With the price of oil set by world oil supply and demand, watching not only how much oil countries are producing and using today, but also what those numbers will look like in the future is a critical practice for industry members. The current thinking is that demand has increased, somewhat, and supply could – depending on the approach in certain regions – decline. If those numbers keep on that track, the price of oil will go back up from the record lows seen in the past year. Should that be the case, however, some wonder whether there is an inherent cycle in play that could undo a long-term upswing.
In April, the International Energy Agency (IEA) released its figures on global oil supply and demand showing that, despite clear growth in global demand, growth will ease to about 1.2 million barrels per day (mb/d) this year. That forecast is below 2015’s 1.8 mb/d expansion, which, according to the IEA, is due to notable decelerations in China, the U.S. and Europe. IEA said that preliminary 1Q16 data show the easing of demand growth is already occurring, with year-over-year growth down to +1.2 mb/d, after gains of +1.4 mb/d in 4Q15 and +2.3 mb/d in 3Q15.
“With lower prices there’s no doubt that demand has increased over the past 18 months,” Russell Braziel, CEO of RBN Energy, told Oilman. “We can tell from looking at the price, demand hasn’t increased enough to make that much of a difference, but it has increased, and because it has increased then the supply response doesn’t have to be as significant as it would have to be otherwise.”
In addition to the increase in global oil demand, supply has decreased with a slight decline in the production of crude oil.
In the U.S., Braziel said, the rig count is falling off extremely fast.
“We are at record low levels of rigs running, and because of that, crude oil production in the U.S. is going to start declining faster,” he said. “The view is that U.S. crude oil production from December 2015 to December 2016 will probably fall off in the neighborhood of 1 mb/d. That’s a lot.”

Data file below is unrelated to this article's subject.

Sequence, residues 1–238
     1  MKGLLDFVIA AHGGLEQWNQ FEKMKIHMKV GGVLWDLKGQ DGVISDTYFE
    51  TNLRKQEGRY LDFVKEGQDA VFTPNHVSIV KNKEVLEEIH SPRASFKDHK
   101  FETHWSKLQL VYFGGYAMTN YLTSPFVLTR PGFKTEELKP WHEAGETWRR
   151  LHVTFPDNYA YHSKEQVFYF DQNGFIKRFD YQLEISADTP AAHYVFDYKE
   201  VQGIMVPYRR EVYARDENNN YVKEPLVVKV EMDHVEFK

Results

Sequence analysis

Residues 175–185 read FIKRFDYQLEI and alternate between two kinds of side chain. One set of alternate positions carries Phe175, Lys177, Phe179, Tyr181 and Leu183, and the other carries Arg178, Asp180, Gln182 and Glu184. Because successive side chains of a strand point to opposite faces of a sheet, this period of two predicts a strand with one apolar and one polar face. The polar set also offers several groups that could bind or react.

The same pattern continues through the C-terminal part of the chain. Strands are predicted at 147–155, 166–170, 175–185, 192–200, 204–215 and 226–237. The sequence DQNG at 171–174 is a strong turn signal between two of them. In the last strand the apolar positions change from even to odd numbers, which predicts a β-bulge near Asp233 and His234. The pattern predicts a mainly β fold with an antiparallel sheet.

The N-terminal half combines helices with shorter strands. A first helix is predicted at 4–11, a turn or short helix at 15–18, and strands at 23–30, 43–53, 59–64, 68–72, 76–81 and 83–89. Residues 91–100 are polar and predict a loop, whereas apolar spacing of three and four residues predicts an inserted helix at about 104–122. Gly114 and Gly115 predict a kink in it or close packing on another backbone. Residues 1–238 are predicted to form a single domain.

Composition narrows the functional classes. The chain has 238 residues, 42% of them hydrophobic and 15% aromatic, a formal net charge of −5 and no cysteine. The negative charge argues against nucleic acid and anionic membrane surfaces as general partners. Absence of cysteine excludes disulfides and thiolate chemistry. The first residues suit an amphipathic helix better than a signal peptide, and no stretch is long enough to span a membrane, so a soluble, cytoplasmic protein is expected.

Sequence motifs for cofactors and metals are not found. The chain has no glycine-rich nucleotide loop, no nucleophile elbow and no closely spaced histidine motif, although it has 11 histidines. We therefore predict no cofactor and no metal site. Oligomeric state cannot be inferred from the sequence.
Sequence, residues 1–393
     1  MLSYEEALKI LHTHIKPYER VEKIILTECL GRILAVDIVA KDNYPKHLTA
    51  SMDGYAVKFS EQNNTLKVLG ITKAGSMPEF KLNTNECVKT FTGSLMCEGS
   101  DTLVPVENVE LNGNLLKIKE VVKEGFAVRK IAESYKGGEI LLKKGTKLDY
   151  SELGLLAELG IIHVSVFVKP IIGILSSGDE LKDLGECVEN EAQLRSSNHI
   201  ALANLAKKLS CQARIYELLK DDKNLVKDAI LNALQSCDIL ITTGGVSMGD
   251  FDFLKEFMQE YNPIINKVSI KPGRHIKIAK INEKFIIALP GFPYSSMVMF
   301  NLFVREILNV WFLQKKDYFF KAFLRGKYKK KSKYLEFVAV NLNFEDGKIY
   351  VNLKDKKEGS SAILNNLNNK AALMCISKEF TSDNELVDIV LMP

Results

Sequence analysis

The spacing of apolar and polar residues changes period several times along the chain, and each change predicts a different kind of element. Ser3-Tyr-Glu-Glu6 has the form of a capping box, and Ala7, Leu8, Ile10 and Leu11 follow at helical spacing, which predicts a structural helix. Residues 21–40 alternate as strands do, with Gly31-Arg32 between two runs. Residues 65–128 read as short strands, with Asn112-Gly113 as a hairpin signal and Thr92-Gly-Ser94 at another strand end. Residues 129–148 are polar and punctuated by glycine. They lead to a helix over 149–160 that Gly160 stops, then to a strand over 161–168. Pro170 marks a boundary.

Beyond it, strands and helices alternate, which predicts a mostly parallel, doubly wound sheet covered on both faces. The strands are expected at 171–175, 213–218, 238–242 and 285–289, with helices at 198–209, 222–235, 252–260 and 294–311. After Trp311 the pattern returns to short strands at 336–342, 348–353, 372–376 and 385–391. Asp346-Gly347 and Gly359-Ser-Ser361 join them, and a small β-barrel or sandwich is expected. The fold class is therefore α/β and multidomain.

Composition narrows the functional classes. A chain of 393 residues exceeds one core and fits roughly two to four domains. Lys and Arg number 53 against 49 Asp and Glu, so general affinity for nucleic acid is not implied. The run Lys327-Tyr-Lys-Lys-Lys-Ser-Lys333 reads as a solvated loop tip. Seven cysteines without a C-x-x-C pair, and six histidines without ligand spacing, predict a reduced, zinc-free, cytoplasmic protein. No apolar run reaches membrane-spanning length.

As that happens, he added, it is likely that the supply-demand balance will start tracking up and crude oil prices will increase.
The outlook from the U.S. Energy Information Administration (EIA) follows with Braziel’s estimates.
In its April outlook, EIA said that U.S. onshore crude oil production in the lower 48 states is expected to decline from an average 7.4 mb/d in 2015 to 6.46 mb/d in 2016 and to 5.7 mb/d in 2017. EIA also said that although there will be an increase in production in the Gulf of Mexico, that increase will not be enough to offset onshore declines, with total projected U.S. production falling from 9.4 mb/d in 2015 to 8 mb/d in 2017.
Braziel is an authority in the field of energy markets and the author of the book The Domino Effect: How the Shale Revolution is Transforming Energy Markets, Industries and Economies. Released in January, The Domino Effect examines energy markets and the events of the shale revolution that influenced future events in those markets.
“Every step of the way, every event in the shale revolution, happened for a reason, and every event happened because of something that happened before it,” Braziel said. “So one domino falls on another domino, which falls on another domino. I identified 30 of those dominos that have happened basically since the inception of the shale revolution 10 years ago and explained how each of those dominos was toppled by something that came before it.”